The S&P 500 and Nasdaq fell slightly on Wednesday on concerns about foreign debt and a weak outlook in the tech sector, but positive wholesale inventory data limited losses.

Ratings agency Standard & Poor's revised its outlook on Spain to negative, a day after Fitch Ratings downgraded Greece's debt. The moves, coming amid fears that Dubai's debt problems could spread to other parts of the Gulf region, raised concerns about another global credit crisis.

The real issue is what this could do as countries turn to their taxpayers to raise revenue in order to protect their credit worthiness, said Kevin Caron, market strategist at Stifel, Nicolaus & Co in Florham Park, New Jersey.

This could mean higher tax rates when we have to pay for the stimulus, and that would hurt growth going forward.

Tech stocks, considered one of the first sectors to recover from recession, were pressured a day after Texas Instruments gave a fourth-quarter earnings view that disappointed some investors who had hoped for signs of improving demand. The chipmaker's stock fell 2.6 percent to $25.65.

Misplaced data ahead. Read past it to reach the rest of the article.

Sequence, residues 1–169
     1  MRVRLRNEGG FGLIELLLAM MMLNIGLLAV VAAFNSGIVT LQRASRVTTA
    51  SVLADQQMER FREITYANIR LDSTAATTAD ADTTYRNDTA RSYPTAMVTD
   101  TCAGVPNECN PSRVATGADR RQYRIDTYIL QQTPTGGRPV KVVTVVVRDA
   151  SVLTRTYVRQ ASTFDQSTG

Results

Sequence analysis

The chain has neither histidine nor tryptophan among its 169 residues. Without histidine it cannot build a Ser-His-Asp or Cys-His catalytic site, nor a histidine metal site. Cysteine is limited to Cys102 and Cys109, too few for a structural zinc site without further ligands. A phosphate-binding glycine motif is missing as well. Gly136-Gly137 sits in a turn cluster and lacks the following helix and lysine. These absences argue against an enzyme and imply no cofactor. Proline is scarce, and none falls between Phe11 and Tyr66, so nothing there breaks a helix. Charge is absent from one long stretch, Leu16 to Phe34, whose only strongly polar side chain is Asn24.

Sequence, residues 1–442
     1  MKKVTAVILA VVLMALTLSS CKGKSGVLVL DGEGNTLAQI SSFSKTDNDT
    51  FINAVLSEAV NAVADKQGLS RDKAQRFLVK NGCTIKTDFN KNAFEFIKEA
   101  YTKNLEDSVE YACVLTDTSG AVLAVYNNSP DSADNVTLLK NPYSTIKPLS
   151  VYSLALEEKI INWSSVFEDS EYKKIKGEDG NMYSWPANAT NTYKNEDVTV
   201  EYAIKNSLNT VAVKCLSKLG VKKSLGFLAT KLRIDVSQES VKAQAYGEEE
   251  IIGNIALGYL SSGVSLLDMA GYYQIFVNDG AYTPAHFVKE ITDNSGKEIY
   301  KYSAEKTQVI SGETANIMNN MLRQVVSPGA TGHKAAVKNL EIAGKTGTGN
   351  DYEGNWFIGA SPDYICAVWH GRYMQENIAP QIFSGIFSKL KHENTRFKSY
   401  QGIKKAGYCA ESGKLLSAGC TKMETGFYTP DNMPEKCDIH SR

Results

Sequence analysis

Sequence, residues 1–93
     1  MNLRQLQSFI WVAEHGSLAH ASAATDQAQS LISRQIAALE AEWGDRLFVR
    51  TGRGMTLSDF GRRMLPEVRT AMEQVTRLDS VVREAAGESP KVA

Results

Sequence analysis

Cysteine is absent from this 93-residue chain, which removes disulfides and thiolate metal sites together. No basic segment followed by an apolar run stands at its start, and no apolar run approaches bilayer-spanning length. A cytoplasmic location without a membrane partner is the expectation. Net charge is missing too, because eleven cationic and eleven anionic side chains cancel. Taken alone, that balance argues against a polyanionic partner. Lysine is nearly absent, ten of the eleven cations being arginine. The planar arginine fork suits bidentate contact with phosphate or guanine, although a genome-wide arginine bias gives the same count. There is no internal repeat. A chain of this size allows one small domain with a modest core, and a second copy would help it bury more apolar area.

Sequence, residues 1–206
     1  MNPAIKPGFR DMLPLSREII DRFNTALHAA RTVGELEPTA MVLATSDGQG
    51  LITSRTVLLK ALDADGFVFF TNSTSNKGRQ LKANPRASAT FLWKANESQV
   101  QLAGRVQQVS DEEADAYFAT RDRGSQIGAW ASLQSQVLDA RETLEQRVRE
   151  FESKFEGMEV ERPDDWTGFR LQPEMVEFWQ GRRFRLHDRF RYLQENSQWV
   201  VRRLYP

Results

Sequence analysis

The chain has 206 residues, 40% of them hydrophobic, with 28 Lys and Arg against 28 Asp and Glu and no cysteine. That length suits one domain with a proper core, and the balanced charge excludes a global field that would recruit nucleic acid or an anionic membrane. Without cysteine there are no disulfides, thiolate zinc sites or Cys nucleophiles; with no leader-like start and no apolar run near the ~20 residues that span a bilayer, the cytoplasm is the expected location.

The Dow Jones industrial average <.DJI> rose 7.40 points, or 0.07 percent, to 10,293.67. The Standard & Poor's 500 Index <.SPX> fell 2.20 points, or 0.20 percent, to 1,089.63. The Nasdaq Composite Index <.IXIC> fell 5.50 points, or 0.25 percent, at 2,167.49.

The Dow gained after U.S. wholesale inventories rose 0.3 percent in October, according to Commerce Department data, reversing a 13-month declining trend. Analysts were expecting inventories to fall 0.5 percent.

Added to November's improving jobs report on Friday, the inventory figure shows surprising resilience as we work to recover, said Thomas Nyheim, portfolio manager at Christiana Bank & Trust Co. in Greenville, Delaware.

Also lifting the Dow was 3M Co , which rose 3 percent to $79.44 after Citigroup upgraded the stock.

(Editing by Kenneth Barry)